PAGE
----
You are not permitted to download, save or email this image. Visit image gallery to purchase the image.
Another of the world's cities of literature, Krakow has a storied history, Heather Hapeta writes.
Once upon a time, a fire-breathing dragon with a taste for young female flesh lived in a cave in Krakow, according to Wincenty Kadfubek (1161-1223), Bishop of Kracow and historian of Poland.
When nearly all the city's young girls had been eaten, the King promised his daughter's hand in marriage to anyone who could kill the beast.
The legend reports the Wawel Dragon was finally slain by a cobbler's apprentice who fed the creature a roasted lamb which he had stuffed with sulphur and hot spices.
After the dragon had devoured the tasty sacrifice a powerful thirst hit him so he went to the river to drink.
He drank and drank and drank but became even more parched and continued to drink until, so full of water, he burst.
As with all good stories, on his wedding day, to Princess Wanda, the poor apprentice lad was fittingly renamed, Prince Krak, Dragon Slayer.
Today, the dragon's den, in the 12 million-year-old cave at the base of Wawel Hill, and a fire-spouting dragon statue, are both part of Krakow's literary trail, which celebrates its status as the world's seventh Unesco City of Literature.
Wawel Hill, home to the Royal Castle, is a favourite setting for many a national myth and legend and when I first saw it, on a grey monochrome morning, I could well believe the stories of supernatural powers held by a mysterious chakra discovered there in the 1st century.
Dunedin knows, as now the eighth city of literature, in order to become a Unesco City of Literature, there are several requirements in terms of the quality and diversity of initiatives.
They include the role of literature in its broadest sense in the everyday lives of the city's inhabitants, a range of festivals and literary events, and an abundance of bookshops, libraries and other institutions involved with books and literary heritage.
Some of Krakow's claims for being considered a literary capital were that the first Polish-language books were published there in the 16th century, and that it was the first Polish city to hold scriptoriums, libraries and printing houses.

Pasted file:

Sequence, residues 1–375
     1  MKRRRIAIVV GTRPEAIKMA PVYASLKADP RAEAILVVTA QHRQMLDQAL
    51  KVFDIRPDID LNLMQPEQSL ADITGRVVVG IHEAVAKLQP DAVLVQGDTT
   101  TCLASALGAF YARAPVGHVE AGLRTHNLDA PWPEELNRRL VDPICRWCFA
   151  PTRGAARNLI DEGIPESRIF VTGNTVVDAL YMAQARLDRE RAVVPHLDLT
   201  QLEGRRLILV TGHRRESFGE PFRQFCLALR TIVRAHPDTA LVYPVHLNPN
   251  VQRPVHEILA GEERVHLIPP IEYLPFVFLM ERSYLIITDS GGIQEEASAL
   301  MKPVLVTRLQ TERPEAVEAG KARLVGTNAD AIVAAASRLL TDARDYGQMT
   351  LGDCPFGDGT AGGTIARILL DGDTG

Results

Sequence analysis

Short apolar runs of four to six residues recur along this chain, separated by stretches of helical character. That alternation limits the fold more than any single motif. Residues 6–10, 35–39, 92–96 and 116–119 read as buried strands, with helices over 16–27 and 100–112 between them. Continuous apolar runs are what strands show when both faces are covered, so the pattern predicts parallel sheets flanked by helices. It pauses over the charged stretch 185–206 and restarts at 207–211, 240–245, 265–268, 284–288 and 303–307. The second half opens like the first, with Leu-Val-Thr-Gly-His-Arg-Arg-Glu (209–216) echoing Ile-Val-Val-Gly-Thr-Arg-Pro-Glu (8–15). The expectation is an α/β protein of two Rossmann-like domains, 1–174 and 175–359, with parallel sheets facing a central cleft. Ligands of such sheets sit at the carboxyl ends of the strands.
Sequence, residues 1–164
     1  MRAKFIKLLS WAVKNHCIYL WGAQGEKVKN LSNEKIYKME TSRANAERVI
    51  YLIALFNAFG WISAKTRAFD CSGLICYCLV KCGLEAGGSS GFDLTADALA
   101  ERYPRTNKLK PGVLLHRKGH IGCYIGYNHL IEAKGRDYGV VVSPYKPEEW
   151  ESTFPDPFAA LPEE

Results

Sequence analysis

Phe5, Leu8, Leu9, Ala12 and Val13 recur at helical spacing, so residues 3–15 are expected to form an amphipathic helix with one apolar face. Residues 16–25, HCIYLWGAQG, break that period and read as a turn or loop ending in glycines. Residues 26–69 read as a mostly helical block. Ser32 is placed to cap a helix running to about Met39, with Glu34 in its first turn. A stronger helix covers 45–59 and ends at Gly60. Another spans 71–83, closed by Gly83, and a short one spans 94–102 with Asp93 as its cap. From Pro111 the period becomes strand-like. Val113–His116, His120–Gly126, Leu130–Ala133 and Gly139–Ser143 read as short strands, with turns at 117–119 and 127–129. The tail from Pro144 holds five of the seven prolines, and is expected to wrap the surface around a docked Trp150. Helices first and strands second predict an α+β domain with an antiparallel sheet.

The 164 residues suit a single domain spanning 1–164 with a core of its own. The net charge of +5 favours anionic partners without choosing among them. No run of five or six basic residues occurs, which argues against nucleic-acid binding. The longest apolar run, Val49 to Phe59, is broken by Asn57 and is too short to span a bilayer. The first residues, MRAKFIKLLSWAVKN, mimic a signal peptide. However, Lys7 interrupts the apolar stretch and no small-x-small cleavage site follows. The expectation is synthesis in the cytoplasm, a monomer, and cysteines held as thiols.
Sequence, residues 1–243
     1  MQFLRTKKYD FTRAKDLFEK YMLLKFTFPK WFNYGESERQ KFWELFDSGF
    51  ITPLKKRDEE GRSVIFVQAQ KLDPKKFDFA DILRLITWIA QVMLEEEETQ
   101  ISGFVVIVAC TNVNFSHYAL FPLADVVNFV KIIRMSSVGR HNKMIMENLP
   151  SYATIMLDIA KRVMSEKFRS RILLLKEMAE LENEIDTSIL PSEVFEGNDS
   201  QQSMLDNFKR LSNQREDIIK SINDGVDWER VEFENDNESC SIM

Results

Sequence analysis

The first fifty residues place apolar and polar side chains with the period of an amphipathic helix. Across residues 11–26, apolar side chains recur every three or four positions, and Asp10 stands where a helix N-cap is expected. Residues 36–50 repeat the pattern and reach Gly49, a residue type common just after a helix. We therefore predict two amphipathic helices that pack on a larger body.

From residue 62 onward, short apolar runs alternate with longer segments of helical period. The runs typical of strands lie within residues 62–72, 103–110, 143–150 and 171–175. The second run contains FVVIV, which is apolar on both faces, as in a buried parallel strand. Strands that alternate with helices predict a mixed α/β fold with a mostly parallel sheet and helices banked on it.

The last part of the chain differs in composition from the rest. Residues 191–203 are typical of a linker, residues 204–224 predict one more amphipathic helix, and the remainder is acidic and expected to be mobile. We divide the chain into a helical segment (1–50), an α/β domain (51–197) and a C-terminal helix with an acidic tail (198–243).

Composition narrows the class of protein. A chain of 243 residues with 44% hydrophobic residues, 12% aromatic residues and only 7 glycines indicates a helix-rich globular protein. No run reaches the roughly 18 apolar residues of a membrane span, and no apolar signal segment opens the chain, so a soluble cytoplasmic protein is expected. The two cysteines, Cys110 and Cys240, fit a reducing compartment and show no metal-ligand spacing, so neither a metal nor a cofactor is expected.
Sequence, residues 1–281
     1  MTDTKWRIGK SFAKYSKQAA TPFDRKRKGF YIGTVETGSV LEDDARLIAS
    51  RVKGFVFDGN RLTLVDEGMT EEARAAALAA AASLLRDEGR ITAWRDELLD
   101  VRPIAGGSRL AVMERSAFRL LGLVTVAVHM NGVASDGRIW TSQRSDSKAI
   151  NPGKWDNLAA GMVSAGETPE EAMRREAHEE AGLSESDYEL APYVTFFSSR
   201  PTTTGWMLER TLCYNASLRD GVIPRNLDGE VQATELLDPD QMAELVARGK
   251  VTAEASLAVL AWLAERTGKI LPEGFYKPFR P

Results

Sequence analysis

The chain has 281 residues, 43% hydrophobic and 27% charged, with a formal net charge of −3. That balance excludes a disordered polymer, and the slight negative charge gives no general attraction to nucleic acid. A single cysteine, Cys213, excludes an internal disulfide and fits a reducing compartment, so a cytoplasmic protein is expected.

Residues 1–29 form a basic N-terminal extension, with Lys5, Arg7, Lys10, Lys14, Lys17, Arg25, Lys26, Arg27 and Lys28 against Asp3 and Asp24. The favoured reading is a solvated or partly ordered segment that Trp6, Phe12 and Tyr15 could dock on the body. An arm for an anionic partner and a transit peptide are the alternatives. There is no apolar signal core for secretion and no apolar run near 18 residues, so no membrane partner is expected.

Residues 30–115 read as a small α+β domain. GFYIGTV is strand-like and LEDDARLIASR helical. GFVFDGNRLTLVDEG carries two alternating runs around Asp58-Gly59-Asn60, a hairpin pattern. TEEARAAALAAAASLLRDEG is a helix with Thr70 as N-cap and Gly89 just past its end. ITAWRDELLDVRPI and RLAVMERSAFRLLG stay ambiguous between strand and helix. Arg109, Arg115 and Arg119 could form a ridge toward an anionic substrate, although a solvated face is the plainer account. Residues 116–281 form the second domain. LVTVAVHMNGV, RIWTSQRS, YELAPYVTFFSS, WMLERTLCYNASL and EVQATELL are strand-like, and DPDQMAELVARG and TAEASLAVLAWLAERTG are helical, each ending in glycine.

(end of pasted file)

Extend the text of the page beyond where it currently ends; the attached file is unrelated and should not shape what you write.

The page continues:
As a book lover in Poland at the end of the tourist season, I was disappointed not to be able to take one of the monthly guided literary walks.
It was even more disappointing that despite two emails to the literary and tourism websites, I received no response to my request to hire a guide for an individual tour of the literary hotspots.
It's very easy to overpromise and underdeliver. To add to the difficulty, the tourism office in the city square did not have the brochure-map either - they sent me to another office where I was given their last English one.
There are 61 points of interest detailed on the map, covering historical sites, literary addresses, libraries and bookstores, literary cafes, literature in public places and, Nowa Huta, a 1949-built city for the workers.
Until this year, this area was home to the annual Krakow Book Fair, Poland's most important meeting of readers and some 500 Polish publishers.
Portrayed as an ideal city in Stalin-era literature, it has been the setting for many poems and human interest stories.
Alongside the book fair, the Conrad Festival takes place.
A prestigious literary event, it's considered one of the most noteworthy occasions in this part of Europe and has attracted crowds of readers for many years.
Outside the old city wall, the moat has been filled in, providing a ring of green - Planty Park.
As well as monuments to writers and other artists, it is also home to dozens of benches honouring writers with connections to the city.
One easily recognised was Thomas Keneally, author of Schindler's Ark, the 1982 Booker Prize-winning novel that was later adapted to film as Steven Spielberg's Schindler's List.
QR barcodes on all seats helpfully link the visitor to virtual collections of text and recordings of the specific author. Of course, Oskar Schindler's enamel factory is on the self-guided walk too.
There are close to 80 bookstores and almost 30 antiquarian bookshops in the city, with one of the buildings in Market Square housing a bookshop continually since 1610.
I walked to the Massolit Bookstore hoping to talk with one of the three expatriate owners about the literary meetings, events and political debates which are held there.
They were not available so I did what time-rich travellers do and just sat, enjoying coffee, a chocolate brownie, international newspapers and the old-world ambience.
In the main Market Square (where you can spend hours) every hour, on the hour, a bugle plays from the four points of the compass in the high tower of St Mary's Basilica, and this too has a literary connection.
It was immortalised in the first book by Eric P. Kelly, The Trumpeter of Krakow, which won the 1929 Newbery Medal as the year's most distinguished contribution to American children's literature.
An American journalist, academic and author of children's books, he was briefly a lecturer at the Jagiellonian University in Krakow.
Interestingly too, Krakow is part of the International Cities of Refuge Network and, in the Villa Decius, one of the Renaissance complex sites of literary and cultural salons, a refuge is provided for persecuted writers.
Finally, two Nobel Prize winners in literature had their homes in Krakow: poet Czesfaw Mifosz (1980), who returned after many years in exile, and poet essayist Wisfawa Szymborska (1996), until her death in 2012.
I only wish I had been able to get a deeper insight into this walkable city's past, present, and undoubtedly bright literary future.
Heather Hapeta is a Wellington-based travel writer.